I spent the day in East New York photographing a new low income apartment building. It’s in a neighborhood of single family homes and other new apartment buildings. The big housing blocks that East New York is known for are some distance away. Not that many years ago, this area would have had a blown apart look with lots of vacant lots and abandonment. Things have changed substantially, but it is still a rough edged place. A glimpse of my project can be seen at far right above.


East New York — © Brian Rose

Across the street there was a large truck and bus repair shop and a woodworking shop. On the adjacent  corner a used car dealer and seller of gravestones.  Nearby, is a large “transit technology” school.


East New York — © Brian Rose

During the day, the area exhibits a fairly relaxed atmosphere, but the conspicuous use of window gates, fences, and other security measures, suggests a different aspect. And indeed, after dark the area showed a more menacing face. My assistant and I arrived by subway, carrying a camera case and small lighting kit, but chose to take a car service back. Nevertheless, with every new project of the kind I was photographing, the neighborhood becomes more stable and livable.

New York/Williamsburg, Virginia

Vegetable garden, Williamsburg, Virginia — © Brian Rose

I am back in Williamsburg, Virginia tending to my father who is now in a rehab facility recovering from surgery. He is almost 90, but hanging in there.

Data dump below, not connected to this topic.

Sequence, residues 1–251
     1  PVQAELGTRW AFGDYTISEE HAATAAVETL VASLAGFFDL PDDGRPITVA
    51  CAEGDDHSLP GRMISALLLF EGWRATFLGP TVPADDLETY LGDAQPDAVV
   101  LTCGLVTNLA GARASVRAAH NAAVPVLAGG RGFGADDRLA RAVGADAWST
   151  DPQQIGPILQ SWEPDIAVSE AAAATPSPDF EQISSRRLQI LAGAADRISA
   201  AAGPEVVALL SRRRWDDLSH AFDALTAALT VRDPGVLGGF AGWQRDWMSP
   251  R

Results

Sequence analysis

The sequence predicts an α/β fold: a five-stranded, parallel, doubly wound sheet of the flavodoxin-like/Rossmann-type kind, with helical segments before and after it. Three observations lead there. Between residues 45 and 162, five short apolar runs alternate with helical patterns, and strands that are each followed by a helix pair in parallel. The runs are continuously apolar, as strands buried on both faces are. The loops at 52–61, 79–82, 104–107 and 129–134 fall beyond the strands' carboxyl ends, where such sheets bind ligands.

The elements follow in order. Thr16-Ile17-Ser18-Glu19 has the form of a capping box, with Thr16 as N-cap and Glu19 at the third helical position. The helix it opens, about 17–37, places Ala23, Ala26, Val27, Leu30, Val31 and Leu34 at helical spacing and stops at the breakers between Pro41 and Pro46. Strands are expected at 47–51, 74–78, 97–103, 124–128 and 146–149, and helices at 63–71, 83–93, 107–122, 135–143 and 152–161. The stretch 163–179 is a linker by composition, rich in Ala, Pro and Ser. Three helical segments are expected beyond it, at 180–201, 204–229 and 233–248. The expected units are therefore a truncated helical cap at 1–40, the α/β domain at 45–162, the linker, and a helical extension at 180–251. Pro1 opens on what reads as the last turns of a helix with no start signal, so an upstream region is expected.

The weather has been impeccable, and I’ve made a couple of walks down the Duke of Gloucester Street, the former main street of town. It is now closed to traffic and part of the historic restoration of Colonial Williamsburg. The street remains open to the general public, however, and one sees lots of joggers, some from the nearby College of William and Mary.

I took a  number of photographs of a vegetable garden across from the Bruton Parish Church. It is actually a serious demonstration of agriculture as practiced in the 18th century, though I tend to look at it more for its formal visual elements. One might think it out of character for me to photograph this idealized historical setting, given my images of urban grandeur and desolation on the Lower East Side of Manhattan. But remember, I grew up here in Williamsburg, performed in the fife and drum corps for nine years, and took many of my first photographs here in the restored area. I doubt that I would be a photographer were it not for the influence of this place.